Bitpanda, an Austrian trading platform for cryptocurrencies is partnering with the Vienna University of Technology to develop an open-source platform called “Pantos” for real-time arbitrage trading between different Blockchain tokens, CryptoNewspeople auf Deutsch reported on Wednesday, March 7.
In partnership with the Vienna University of Technology, researchers from the Research Institute for Future Cryptoeconomics (RIAT) in Austria are also participating in the project.
The research project called “Pantos” aims to solve the problem of the increasing fragmentation of Blockchain tokens and to allow “worthwhile transfers of tokens over several blockchains” for the first time, Bitpanda announced in its press release on on Wednesday, March 7. This will enable traders to capitalize on price differences between pairs of digital currencies on one single platform.
The Pantos system will be financed by using an Initial Coin Offering (ICO) limited to 1500 BTC (about $14.8 mln at press time) for a new token called PAN. As the Bitpanda makers emphasize in the announcement, the ICO will not serve to fund a new startup, but to finance the development of technology which afterwards can be freely used through open source licenses.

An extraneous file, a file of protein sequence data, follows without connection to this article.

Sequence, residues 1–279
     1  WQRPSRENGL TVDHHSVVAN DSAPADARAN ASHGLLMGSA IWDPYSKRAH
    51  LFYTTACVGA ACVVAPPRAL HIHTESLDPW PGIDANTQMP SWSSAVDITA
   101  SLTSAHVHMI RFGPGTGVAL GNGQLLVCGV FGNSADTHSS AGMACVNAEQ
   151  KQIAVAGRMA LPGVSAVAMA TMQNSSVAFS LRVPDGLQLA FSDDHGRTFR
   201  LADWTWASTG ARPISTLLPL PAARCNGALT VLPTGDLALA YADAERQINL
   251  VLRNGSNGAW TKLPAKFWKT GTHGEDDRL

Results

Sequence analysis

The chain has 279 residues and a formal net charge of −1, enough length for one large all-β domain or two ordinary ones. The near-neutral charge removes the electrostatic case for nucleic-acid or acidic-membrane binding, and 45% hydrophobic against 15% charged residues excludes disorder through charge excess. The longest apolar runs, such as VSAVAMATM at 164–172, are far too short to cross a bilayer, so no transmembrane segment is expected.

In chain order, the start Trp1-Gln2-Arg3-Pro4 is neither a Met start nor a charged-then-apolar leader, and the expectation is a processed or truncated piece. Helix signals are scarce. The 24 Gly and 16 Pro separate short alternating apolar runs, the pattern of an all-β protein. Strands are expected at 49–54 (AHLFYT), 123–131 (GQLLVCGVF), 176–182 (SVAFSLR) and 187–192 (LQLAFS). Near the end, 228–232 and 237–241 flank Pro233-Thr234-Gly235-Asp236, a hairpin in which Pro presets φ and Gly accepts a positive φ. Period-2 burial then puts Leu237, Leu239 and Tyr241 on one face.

Pantos is not the first Blockchain-based project for Vienna University of Technology. At the end of November 2017, in a project called “Ethertrust”, the research group “Security and Privacy” led by Professor Matteo Maffei published work that improves the security of Smart Contracts for the cryptocurrency Ethereum.
There are several German universities and research institutions which are currently exploring the use of Blockchain.
In March 2018, the Institute for Industrial Management FIR at the RWTH Aachen University, Fraunhofer FIT, and Demofabrik Aachen will begin a joint study on “Blockchain for Industrial Applications” under the leadership of KEX AG, a technology and market information provider.
The aim of this project is to identify potential applications of Blockchain technology for the industry, to evaluate them in concrete terms, and to find ways in which they can be implemented and used.